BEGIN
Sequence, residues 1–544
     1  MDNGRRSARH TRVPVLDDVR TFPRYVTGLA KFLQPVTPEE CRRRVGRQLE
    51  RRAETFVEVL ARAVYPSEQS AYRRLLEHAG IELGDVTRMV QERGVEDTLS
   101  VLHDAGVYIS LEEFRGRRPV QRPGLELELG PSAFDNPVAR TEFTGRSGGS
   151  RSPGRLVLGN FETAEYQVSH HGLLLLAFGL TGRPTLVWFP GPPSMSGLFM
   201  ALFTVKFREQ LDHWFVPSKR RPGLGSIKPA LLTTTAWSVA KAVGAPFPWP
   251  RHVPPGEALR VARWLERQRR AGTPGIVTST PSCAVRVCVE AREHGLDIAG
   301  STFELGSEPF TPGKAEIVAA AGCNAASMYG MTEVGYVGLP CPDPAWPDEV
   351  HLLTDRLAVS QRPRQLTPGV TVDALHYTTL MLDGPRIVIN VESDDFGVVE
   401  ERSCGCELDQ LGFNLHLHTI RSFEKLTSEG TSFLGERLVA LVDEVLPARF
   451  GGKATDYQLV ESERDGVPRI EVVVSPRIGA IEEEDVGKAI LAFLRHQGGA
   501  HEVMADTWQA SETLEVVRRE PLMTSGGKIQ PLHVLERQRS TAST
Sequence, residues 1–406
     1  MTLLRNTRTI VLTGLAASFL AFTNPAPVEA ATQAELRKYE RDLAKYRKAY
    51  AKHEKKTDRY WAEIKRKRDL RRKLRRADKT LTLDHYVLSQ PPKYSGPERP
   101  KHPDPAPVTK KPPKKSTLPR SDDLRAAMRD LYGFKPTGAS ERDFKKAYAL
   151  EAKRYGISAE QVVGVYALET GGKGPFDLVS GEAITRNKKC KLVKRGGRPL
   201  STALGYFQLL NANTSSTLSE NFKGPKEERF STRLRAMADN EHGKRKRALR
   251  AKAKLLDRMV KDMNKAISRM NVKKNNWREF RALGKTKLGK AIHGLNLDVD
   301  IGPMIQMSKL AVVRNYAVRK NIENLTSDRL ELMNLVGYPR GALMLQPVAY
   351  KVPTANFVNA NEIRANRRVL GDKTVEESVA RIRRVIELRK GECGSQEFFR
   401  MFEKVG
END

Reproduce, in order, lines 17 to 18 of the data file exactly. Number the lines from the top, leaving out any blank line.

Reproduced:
   151  EAKRYGISAE QVVGVYALET GGKGPFDLVS GEAITRNKKC KLVKRGGRPL
   201  STALGYFQLL NANTSSTLSE NFKGPKEERF STRLRAMADN EHGKRKRALR